Belfast Telegraph

Why sharing our intimate moments online is still very much a Grey area

By Lindy McDowell

Whatever happened to childhood? You know. That precious, innocent little chapter of life that used to run from cradle to Clearasil. Maybe it's not been eroded entirely - but you do get the impression that even Peter Pan would feel under some pressure these days to ditch the cute elfin outfit for something a bit more grown up. And grey.

World Book Day, traditionally an occasion for kids to dress up as their favourite literary characters and an opportunity for teachers to encourage discussion about the books they're reading and about books in general, brought us two headline stories this week featuring primary school boys dressed up as Christian Grey. As in Christian Grey tall, dark and billionaire BDSM dominant and sadist. The "hero" of the Fifty Shades of Grey trilogy. That Christian Grey.

Children's literary choices would seem to have moved on quite a bit from the Gruffalo and Harry Potter.

One of the boys who showed up to school in his Grey outfit was only eight years old. His teachers laughed. Which, given that his outfit was fairly innocuous and did not include bondage accessories, was probably the right response.

The other lad, however, didn't get the same amused reaction. His outfit had included blindfold and cable ties. His teachers had, not unreasonably, suggested that he pocket them and pose instead as James Bond. The 11-year-old was unimpressed. As indeed was his mother - herself a teacher - who subsequently complained to the media about how unfairly she felt her boy had been treated.

Her son had reasoned Fifty Shades was the most talked about book of the last couple of years, she said. As for the teachers, they'd wanted him to be 007, "who ironically is a very promiscuous character who kills people, so I don't know which is worse."

Both mother and son make legitimate points.

Still. You can also see why the poor teachers might have more reservations about a class discussion on sadomasochism than a chat about car chases and global espionage.

What was the mother thinking? Given that she was immediately on Twitter to whinge about the teachers' attitude, it's very obvious she sees herself (and her child) as the victims of a serious sense of humour failure. No heart searching here about inappropriate outfit.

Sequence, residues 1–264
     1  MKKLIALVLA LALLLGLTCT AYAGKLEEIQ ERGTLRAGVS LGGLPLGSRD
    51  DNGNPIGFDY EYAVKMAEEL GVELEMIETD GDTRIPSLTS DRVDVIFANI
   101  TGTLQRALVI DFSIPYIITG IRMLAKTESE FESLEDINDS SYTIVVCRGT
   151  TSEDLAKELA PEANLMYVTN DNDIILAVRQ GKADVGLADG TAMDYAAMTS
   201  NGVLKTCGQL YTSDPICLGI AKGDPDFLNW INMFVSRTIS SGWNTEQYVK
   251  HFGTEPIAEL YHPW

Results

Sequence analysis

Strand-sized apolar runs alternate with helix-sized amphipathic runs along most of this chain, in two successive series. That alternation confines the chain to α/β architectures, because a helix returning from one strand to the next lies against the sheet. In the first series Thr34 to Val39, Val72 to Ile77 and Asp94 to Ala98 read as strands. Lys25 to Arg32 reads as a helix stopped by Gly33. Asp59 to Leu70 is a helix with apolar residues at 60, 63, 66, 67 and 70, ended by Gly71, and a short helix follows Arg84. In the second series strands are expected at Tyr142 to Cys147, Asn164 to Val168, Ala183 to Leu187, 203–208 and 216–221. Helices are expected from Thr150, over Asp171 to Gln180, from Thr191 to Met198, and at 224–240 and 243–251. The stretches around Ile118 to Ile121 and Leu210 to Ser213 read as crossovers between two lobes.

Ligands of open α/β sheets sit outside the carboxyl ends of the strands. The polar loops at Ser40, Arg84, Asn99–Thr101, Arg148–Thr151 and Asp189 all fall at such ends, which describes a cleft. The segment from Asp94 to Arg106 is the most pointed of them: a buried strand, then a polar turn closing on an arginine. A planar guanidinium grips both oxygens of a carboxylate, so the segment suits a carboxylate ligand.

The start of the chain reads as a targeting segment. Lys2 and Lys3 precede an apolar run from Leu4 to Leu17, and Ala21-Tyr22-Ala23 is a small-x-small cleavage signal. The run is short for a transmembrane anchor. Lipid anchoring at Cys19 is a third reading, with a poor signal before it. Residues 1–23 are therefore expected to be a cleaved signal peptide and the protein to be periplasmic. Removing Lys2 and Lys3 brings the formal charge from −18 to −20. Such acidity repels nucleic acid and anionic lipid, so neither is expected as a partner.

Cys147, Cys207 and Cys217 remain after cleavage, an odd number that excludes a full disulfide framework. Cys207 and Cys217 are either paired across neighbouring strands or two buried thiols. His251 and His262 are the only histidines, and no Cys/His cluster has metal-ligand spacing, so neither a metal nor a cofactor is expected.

Whatever happened to a bit of parental common sense? Or is it now entirely about the instant gratification that internet venting provides?

Anything and everything gets posted on social media by some parents these days. Consideration about whether this is in the best interests of the child doesn't always seem to come into it.

Even celeb parents are not immune. Amanda Holden recently came in for flak when a picture of her little girl dressed, allegedly, as a prostitute from Pretty Woman (again for a school dress-up day) was posted online. Ms Holden subsequently claimed the child was dressed as model Cindy Crawford.

What fuels this compulsion so many parents seem to have to post images, often of even quite private moments, online?

I was saddened, as I'm sure everyone else was, by that picture this week of the little girl grieving for the pet cat which had been put down (quite rightly it would appear) by a caring vet who believed it to be a stray, had examined it and found it to be suffering from renal failure.

In the picture the little girl is just so distressed. You have to admire the composure of the mother who was able to record the scene at such a time.

Most of us, I imagine, would have been too consumed with trying to comfort the child.

The immediate accessibility of social media is undoubtedly tempting - no better place to voice and illustrate your anger - but maybe, occasionally, some degree of restraint might not come amiss. Although, obviously not of the cable tie variety, mini Mr Grey.

We’ll have to agree to disagree on that

Whatever else you say about this place, you have to concede we have had our fair share of Agreements.

Our latest crisis (they’re coming along more regularly than Metro buses these days) is apparently threatening the Stormont House Agreement.

Not to be confused with the St Andrews Agreement, the Good Friday Agreement, or if you prefer the Belfast Agreement, or even the Anglo Irish Agreement.

Our politicians do seem to find the Agreement process very agreeable.

But there are elections in the offing. So some disagreement is now called for. That’s another thing they all agree on.

It’s not just snakes leaving the island

There’s an old emigrant’s song with a line that yearns, “If we only had old Ireland over here”. Actually now you do.

Every St Patrick’s Day we export our patron saint and the celebrations over to America (primarily) as swathes of the population leave to drown their shamrock there.

Before that, with Cheltenham in full swing, there’s hardly a horse left in Ireland. Wouldn’t it be cheaper to have Cheltenham over here?

The period around St Patrick’s Day in Ireland is increasingly marked by mass evacuation of man, woman and beast. Surely it’s not what the saint would have wanted?

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